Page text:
Success did not come to me overnight after my story appeared in a large national newspaper but it was as if a corner had been turned. When I first saw the spread, I was awestruck. Phoebe stared out of the pages at me and my brush strokes seem to have heightened her pale blue sadness. The writer told a fantastic tale that I only half recognized, about a boy who had escaped from a rehabilitation center, hit the dusty roads of Europe with a well-known French artist and picked up his skills from the master.
I thought Jacques was just another wannabe artist who hung around squares and picked up the odd commission, but it turned out he had been viewed as one of the leading painters of his generation back in the 1960s. Brian Shepherd, the art critic used up a forest of trees meticulously explaining his pedigree. The article went on to explain how witnessed suffering at first hand in Bosnia and painted it again on the streets of London, adding a frisson of hope.
Most importantly Shepherd used superlatives to describe my work suggesting I was one of the most promising young artists of my generation. I knew I he had based his observation on nothing other than his hope and the chance that if it became a self-fulfilling prophecy he would say he had been the one who discovered my talent.
It didn’t bother me. Shepherd’s word was taken seriously by artists. The days when I watched the empty street from my gallery were soon over. A steady trickle of visitors made it my way and they bought work. I started to realize these were serious figures in the art world. Other newspapers piggybacked on Shepherd’s piece and tried to find a new angle on the Phoebe story. One of the tabloids dug up the fact that Pheobe had been a victim of domestic abuse and I had saved her from Frank. One reporter tracked down Frank to a slum south of the river to depict him as the face of a domestic violence epidemic. Frank didn’t look like a poster child for anything in the picture. He was unshaven, bleary eyes and clearly had no idea what the reporter was talking about, although he had the poor judgment to raise a middle figure at the camera, which clearly pleased the news editor.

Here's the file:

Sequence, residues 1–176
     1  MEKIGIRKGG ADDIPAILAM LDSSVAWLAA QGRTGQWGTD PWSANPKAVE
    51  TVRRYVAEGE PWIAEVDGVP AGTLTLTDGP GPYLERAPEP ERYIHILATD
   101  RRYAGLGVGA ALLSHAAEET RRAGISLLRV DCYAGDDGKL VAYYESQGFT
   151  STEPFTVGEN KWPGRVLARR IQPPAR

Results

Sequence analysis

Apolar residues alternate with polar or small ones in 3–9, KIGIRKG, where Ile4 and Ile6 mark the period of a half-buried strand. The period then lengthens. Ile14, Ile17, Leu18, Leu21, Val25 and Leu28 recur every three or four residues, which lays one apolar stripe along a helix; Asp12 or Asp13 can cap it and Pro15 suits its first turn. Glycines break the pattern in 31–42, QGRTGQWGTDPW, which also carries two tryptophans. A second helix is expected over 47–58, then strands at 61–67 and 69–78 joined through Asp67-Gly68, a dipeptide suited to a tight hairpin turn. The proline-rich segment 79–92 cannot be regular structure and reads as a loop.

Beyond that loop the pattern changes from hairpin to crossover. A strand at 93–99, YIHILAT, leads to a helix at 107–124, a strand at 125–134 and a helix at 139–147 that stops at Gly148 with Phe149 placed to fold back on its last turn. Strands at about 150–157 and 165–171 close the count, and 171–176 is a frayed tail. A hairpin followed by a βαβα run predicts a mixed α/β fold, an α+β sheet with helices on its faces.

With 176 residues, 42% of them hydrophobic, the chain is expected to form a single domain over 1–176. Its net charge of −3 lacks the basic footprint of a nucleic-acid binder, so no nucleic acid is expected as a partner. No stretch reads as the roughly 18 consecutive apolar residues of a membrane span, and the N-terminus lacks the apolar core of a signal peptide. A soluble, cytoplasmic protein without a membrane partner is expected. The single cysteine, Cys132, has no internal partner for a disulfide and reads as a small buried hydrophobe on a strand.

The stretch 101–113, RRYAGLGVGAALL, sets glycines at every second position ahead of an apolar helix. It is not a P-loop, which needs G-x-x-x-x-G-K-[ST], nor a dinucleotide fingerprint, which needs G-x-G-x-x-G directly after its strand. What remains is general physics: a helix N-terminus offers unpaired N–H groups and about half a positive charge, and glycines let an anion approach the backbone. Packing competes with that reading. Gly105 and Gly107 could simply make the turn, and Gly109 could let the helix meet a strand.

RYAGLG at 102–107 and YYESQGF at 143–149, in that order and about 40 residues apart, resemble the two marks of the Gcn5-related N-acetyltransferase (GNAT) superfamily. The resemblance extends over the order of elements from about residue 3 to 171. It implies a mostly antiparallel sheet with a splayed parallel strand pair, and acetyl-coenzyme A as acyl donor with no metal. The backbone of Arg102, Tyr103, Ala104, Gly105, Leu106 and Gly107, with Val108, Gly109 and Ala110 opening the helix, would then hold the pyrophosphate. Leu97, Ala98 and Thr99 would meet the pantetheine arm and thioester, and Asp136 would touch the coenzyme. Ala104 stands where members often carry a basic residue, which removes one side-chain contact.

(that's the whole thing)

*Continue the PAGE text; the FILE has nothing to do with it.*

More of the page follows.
I became overwhelmed by the flurry of invitations for cocktails with the leading lights of the art world, although I was uncomfortable with the gossip and backstabbing. At such times, I would wonder if I could enlist Monty to attend in my place.
My social awkwardness didn’t faze the attendees. “Campbell. We love it that you are the real deal,” said Livinia D’Arrabatia, the veteran arts correspondent of the Sunday Times. “You are a blank canvass. It’s so refreshing in the art world.” There was an intensity beyond the well powdered crows’ feet that ringed her eyes. I sidestepped the offer of a private viewing of her art collection.
I was persuaded to move my art exhibition to a luxurious building on the South Bank. I had sponsors lining up to pay for it. Here the light came flooding in through giant plate windows like that sudden moment when you pull the curtains apart, stretched out for the whole day. There was no place to hide the flaws in my work, but the people who came in to see it didn’t seem to care. Arabs and thick set businessmen who seemed to have little appreciation for my work would grunt and offer me sums for the work that made me think I had made a mistake in adding too many zeros. There were more appearances on TV shows and I came to realize my paintings were one of this season’s must haves – a topic for soirees and something to boast about on a languid weekend.
The great and the good would pay me exorbitant sums of money to go to their homes to paint them with their dogs or horses. The work unsettled me but I obliged.
On my 23rd birthday I threw a lavish party at my apartment in Greenwich in which I showcased some of my new work.
It was the first time I had been in the same room as my parents, Monty and Grace for a long time. My father, who was becoming increasingly disorientated generally seemed to find it hard to equate me with the figure who has been escorted on a train to rehab. Grace was upbeat. “Your paintings are so much more bouncy than usual now you’ve cut out the poor people.”
Monty seemed more subdued but got roaringly drunk and narrowly missed a painting of the Countess of Warwick’s horse with his pino noir. “So what’s the secret old boy? How do you make money out of this stuff?” He said it over and over.
At midnight the party was showing no signs of ending but I was cold sober. I walked away down the spiral stairs to the garage that held by Audi. I careered out and down a road and sped through the slumbering city. It seemed miles before I came to countryside but I was happy to see the milky light of dawn appear over the trees of the Ashdown Forest. Slowly the sun came up, rendering the acres of heathland lovely. I breathed in the thin air and ditched the Audi on a farm track. Then I started walking to the horizon and a plan formed in my head. I was going to leave it all behind, I was going to ditch the hollowness of the big city with its fake smiles. I was going to Budapest to meet Jacques’ lawyer.
Chapters from my novella Transitions are entirely fictitious and no resemblance is intended to real people or events.